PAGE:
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Waiting lists may rise despite new plan
[Posted: Wed 01/06/2011 by Niall Hunter, Editor www.irishhealth.com]
Health Minister James Reilly has announced the establishment of a Special Delivery Unit (SDU) to help cut waiting lists and has appointed an international expert in health service improvement to serve as senior adviser on the unit.
However, the Minister said it could take three years to finally solve the waiting list crisis. He also said he could not rule out some increases in waiting lists in the short-term before the planned reforms kick in.
Dr Martin Connor, who previously worked on reducing waiting lists in Northern Ireland, will report to Dr Reilly and will concentrate on first reducing trolley waits in A&Es and on then on cutting cutting hospital inpatient lists, followed by outpatient waiting lists.
According to the Department of Health, the SDU will be a crucial 'agent for change', allowing for an improvement in the operation of structures across the system.
The Unit will receive weekly waiting list data and will hold hospitals accountable for meeting waiting list targets.
As part of the changes, the National Treatment Purchase Fund (NTPF), which has for many years organised private treatment for patients on public waiting lists, will have its role revamped.
According to the Department, 'its resources will be refocused to align closely with the work of the SDU, and crucially will allow for a progressive improvement in the performance of the country's hospitals.'
The Minister said the NTPF would continue in a different form and it had been asked to cease further commitments to patients until the SDU is in place and had decided how best resources to cut lists can be used.
It was unclear at the SDU launch exactly what will happen to those on waiitng lists in the shorter term as a result of this.
Dr Reilly said the NTPF would not be phased out but there would be other initiatives which would lead to more patients being treated.
While NTPF funding will come under the remit of the SDU, there will be no Exchequer cash injection to help clear waiting liits.
Funding is expected to be be moved from some of the NTPF's budget to the SDU to assist its work in reducing the number of long waiters and in reducing trolley waits.
Between 2005 and 2008, Dr Connor, who previously worked with the NHS in England, was special adviser in the North's Department of Health, and helped bring about a major reduction in waiting lists for assessment and treatment.
However, waiting lists have recently increased in the North after a policy decision was made to cut back on private treatment for those waiting for long periods on waiting lists and to concentrate on investment in increasing public capacity.
Asked about this, Dr Reilly said to his knowledge, among the reasons for the recent increase in lists in the North were a change of Government and the fact that necessary reforms to accompany the initiative there were not undertaken.
Dr Connor was according to the Department, instrumental in securing the increased involvement of clinical professionals in decision-making and also developed a patient-level information base to support strategic decision-making while in Northern Ireland.
The Department says Dr Connor will design and implement the operation of the SDU to allow for a maximum positive impact on the operation of the unit. He will preside over the establishment of the SDU over the next six months.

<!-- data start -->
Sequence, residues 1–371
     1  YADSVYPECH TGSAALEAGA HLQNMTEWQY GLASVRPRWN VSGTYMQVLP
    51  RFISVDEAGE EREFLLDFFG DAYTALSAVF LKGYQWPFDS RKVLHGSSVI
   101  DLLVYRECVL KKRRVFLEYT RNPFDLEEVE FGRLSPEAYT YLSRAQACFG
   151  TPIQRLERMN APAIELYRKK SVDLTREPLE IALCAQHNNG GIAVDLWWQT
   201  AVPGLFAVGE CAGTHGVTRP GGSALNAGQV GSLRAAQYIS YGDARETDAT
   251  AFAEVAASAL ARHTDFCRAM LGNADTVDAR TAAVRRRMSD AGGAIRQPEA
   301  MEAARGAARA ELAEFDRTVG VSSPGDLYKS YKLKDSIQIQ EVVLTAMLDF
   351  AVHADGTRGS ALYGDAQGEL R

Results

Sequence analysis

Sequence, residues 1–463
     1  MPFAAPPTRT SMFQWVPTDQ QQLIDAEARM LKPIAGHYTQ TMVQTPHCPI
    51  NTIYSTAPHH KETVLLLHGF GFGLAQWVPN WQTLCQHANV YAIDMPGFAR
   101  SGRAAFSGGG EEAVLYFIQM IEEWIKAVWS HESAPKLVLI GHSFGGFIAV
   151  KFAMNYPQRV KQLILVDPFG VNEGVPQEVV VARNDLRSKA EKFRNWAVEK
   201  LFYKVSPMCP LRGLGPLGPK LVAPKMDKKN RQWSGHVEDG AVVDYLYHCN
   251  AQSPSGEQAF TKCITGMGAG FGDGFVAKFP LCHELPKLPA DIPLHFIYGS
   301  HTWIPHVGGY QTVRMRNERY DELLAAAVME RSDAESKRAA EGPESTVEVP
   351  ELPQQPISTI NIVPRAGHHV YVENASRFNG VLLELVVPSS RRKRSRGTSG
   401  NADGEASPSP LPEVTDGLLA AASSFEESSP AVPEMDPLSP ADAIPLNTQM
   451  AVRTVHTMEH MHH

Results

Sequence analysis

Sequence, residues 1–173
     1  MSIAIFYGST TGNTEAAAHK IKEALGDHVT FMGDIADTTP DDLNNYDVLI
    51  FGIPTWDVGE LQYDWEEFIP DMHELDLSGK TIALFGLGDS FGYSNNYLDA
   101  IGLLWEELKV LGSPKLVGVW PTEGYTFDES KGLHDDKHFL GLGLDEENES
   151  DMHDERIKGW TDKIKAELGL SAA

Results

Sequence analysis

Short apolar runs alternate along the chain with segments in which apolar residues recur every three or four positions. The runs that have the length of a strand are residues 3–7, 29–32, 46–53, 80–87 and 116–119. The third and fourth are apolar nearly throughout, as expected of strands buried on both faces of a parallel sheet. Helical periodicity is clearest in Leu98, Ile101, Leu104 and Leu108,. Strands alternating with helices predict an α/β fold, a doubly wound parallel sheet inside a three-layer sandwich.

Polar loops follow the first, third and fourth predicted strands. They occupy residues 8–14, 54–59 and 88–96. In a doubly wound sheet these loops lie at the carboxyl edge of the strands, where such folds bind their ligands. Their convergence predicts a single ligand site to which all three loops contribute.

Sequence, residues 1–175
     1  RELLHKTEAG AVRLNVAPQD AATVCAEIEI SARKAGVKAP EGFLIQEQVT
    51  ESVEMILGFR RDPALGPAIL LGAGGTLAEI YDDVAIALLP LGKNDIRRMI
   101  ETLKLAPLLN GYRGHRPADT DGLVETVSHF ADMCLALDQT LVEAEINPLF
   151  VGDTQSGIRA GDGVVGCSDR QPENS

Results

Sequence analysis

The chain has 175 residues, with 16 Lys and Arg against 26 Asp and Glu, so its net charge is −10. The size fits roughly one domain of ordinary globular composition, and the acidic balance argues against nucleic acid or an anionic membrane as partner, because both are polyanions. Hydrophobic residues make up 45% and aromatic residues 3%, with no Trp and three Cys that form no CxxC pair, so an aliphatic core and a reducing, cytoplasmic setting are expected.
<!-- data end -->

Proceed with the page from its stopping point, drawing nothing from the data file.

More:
Dr Connor, who will be sitting on the HSE's interim board, said it was possible to generate major improvements in the system even at the present level of constrained resources.
He said there would be a focus on how we improve our use of information in tackling waiting lists and on how the system could be made more accountable.
Dr Connor said he would have a framework with quantified targets for waiting list reductions ready by September.
The initial priority for the SDU would be to tackle A&E trolley waits, in particular, capacity problems caused by the surge of activity in emergency departments each winter, the Minister said.
Challenged on the lack of detail about how the SDU would operate, Dr Reilly said you cannot change the health service on a hunch and you must have hard information to analyse the situation.
He said his was a concrete plan to deliver care in a more efficient way and there would be an emphasis on GP care and on patients being treated at the lowest level of complexity as close to their homes as possible.
The Minister said it remained the Government's commitment to solve the waiting list crisis within three years of coming to power.
However, he said he could not rule out some rises in waiting lists in the shorter term, as initially, the SDU would be delaing with the A&E situation. However, he felt this situation would right itself within 12-18 months.
Latest figures from the HSE show that hospitals have overspent their budgets by over €74 million up to the end of March, and this is likely to put more pressure on waiting lists in the short-term.
The SDU's priorities are:
* To tackle waiting times in A&Es. The Minister said these are unacceptably high in a number of hospitals, often breaching the current six-hour maximum waiting time target.
* Inpatient waiting times. Dr Reilly pointed out that the trend here has been upward recently, despite the work of the NTPF.
* Outpatient waiting times - the time from GP referral to an appointment with a consultant is unacceptably long in many specialties, Dr Reilly said. Around 200,000 people are on outpatient lists.
*Better access to diagnostic tests.
The Minister said Dr Connor's appointment allows the Department to draw on a range of other international resources at his disposal to help refine the development and the operation of the SDU.
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